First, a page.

For a moment there on Monday night I had my doubts about my fellow Fringe-goers. After reading the rave reviews on the Fringe site, I joined the near-capacity crowd at Illusion for what I expected to be a smart, hilarious take on Lolita. Ten minutes in, all I could think was that those reviewers must be real suckers for “fat guy in a bikini” gags.
Let me back up for a moment. As I’ve noted before, my usual late night kick is live music. I especially like going to see music on Monday nights, because the crowds are usually small and the performers are extra appreciative – “Thanks for coming out on a Monday” is a common refrain – and I had the idea that theater might be on the same wavelength. The ghost town of downtown Minneapolis seemed to support my thesis as I hustled toward the Cowles Center just before 10, but once I stepped off the elevator onto the 8th floor I could see that Monday was no deterrent in this particular case. The lobby was packed enough that I briefly worried I wouldn’t be able to get in, especially since I’d stupidly forgotten my press pass at home. I made it, but I was relegated to the rafters, and even those last few rows were mostly full. Apparently for the right show there’s no such thing as a case of the Mondays, even at 10pm.
Like I said, the show itself initially left me wanting. I’m a great fan of Vladimir Nabokov’s novel Lolita and a somewhat less enthusiastic appreciator of Stanley Kubrick’s Nabokov-scripted film adaptation. My fondness for the source material combined with the audience raves was enough to make Four Humors’ Lolita: A Three-Man Show a must-see for me. Still, I was wary going in. Novelty adaptations wear me out pretty quickly. Once it’s been established that, yep, that guy is doing Macbeth in the voices of a bunch of Simpsons characters, or that, yep, that’s the cast of Family Guy recreating a scene from Star Wars, I’m ready to call it a joke and move on.
That’s where I was in the early going. It was quickly established that, yep, the decidedly non-nymphettish Brant Miller was playing a sexually precocious 12-year-old girl, and, yep, Ryan Lear was doing a broad (and admittedly entertaining) James Mason impression, and, yep, Matt Spring was vamping about in a Shelly Winters housedress, and at first the show seemed content that all of this was inherently amusing enough to fill out the hour. The audience around me howled with laughter while I tried to sort out just what I was missing. I took solace that Lear’s toothsome narration included lengthy passages from the novel. Nabokov’s prose is enough to entertain me in nearly any context. (And, I might add, his words drew plenty of laughs from the crowd. You still got it, Vlad!)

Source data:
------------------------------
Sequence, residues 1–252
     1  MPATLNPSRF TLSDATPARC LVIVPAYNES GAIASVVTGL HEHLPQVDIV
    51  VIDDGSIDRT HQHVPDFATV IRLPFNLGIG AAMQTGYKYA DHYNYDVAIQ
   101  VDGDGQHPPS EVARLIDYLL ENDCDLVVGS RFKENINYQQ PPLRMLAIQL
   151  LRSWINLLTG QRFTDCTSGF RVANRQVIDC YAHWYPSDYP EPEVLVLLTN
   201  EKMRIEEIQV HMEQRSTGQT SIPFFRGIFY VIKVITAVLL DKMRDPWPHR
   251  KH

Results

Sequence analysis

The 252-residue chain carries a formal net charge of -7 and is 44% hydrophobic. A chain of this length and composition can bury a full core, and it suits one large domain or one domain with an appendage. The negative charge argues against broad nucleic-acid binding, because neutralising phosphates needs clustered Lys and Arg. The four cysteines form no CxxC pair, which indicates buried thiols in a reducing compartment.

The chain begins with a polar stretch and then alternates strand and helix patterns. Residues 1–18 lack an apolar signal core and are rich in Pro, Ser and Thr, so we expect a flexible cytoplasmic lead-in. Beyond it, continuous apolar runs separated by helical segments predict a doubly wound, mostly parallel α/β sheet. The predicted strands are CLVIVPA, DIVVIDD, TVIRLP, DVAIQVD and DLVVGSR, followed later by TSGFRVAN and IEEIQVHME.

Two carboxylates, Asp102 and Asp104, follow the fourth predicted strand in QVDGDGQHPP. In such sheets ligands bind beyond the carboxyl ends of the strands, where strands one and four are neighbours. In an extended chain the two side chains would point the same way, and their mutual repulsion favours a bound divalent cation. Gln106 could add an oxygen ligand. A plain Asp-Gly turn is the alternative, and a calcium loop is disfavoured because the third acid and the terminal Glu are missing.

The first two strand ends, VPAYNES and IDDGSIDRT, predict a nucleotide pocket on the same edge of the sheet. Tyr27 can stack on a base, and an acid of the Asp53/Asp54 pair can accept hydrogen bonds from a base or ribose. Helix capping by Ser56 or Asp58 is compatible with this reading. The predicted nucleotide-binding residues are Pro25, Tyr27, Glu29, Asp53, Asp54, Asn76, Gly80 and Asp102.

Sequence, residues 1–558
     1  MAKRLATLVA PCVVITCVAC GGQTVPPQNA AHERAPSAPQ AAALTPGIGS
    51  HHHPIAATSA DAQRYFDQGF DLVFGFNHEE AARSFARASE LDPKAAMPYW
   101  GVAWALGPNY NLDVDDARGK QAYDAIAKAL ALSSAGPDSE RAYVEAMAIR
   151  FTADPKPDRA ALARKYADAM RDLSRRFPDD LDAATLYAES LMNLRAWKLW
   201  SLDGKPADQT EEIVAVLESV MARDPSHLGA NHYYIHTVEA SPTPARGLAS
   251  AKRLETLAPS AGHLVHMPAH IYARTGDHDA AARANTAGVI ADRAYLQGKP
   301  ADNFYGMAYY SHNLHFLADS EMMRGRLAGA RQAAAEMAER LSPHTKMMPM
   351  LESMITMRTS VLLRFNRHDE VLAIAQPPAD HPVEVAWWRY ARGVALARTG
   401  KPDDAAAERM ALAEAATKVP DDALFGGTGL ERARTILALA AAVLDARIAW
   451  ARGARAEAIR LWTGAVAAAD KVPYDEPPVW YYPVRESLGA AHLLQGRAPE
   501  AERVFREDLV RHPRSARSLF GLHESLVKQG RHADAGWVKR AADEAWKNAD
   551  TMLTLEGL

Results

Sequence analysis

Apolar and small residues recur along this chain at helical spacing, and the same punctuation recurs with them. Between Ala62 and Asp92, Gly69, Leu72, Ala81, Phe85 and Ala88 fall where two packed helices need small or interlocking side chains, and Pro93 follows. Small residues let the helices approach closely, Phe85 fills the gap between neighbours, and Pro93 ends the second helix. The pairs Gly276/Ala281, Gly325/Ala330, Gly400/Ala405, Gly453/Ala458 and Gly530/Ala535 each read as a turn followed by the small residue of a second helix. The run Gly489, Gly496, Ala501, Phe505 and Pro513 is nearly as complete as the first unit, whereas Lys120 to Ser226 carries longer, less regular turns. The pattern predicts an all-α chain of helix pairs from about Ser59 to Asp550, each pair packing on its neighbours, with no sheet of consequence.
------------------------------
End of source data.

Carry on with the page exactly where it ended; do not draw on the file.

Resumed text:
But a funny thing happened about a third of the way into the show, around the time the cast broke character to sort out the difference between Shelly Winters and Shelly Duvall. Breaking the fourth wall is another device that often makes me leery, but here it was perfectly executed and served a real purpose. As the three actors slipped out of their Hollywood caricatures and into their secondary roles of three enthusiastic but none-too-bright movie lovers, I started to see more of what they going for. This was more than the amiable goof on Lolita that I initially wrote it off as. This was a sly examination of how we appreciate, absorb and idolize art. It had been evident from the start that Four Humors knew a lot about Lolita, but only now was it becoming clear how much they loved it.
I loosened up after that and let myself laugh along with the rest of the crowd. I let myself laugh a lot, as a matter of fact, and I also did a fair bit of thinking. By the time things wrapped up with a twist that was equal parts side-splitting and thought-provoking, I’d come all the way around to adoring the show. Beneath its slapsticky surface, this play had plenty to say about art, pop culture, hell, even American society in general. I suppose I should have known better than to doubt the raves of the Fringe faithful.
All things considered, not bad for a Monday night.